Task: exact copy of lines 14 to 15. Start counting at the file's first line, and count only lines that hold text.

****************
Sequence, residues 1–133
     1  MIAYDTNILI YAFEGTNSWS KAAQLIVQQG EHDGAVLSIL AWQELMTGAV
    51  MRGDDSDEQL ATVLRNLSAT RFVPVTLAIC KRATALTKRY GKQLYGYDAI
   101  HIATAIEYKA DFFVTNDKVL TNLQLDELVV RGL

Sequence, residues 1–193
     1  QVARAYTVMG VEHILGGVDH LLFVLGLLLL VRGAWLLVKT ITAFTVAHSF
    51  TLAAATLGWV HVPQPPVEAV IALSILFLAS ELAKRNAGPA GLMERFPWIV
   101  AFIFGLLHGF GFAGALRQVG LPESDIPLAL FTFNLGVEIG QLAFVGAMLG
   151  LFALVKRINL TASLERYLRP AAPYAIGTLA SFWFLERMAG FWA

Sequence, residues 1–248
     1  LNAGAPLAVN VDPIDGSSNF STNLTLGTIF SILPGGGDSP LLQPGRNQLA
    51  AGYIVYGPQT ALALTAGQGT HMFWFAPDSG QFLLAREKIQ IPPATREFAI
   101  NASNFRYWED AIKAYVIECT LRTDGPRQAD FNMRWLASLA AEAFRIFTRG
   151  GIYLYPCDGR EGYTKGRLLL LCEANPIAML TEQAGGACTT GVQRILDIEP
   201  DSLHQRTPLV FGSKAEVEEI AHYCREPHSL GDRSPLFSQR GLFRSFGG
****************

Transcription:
   151  GIYLYPCDGR EGYTKGRLLL LCEANPIAML TEQAGGACTT GVQRILDIEP
   201  DSLHQRTPLV FGSKAEVEEI AHYCREPHSL GDRSPLFSQR GLFRSFGG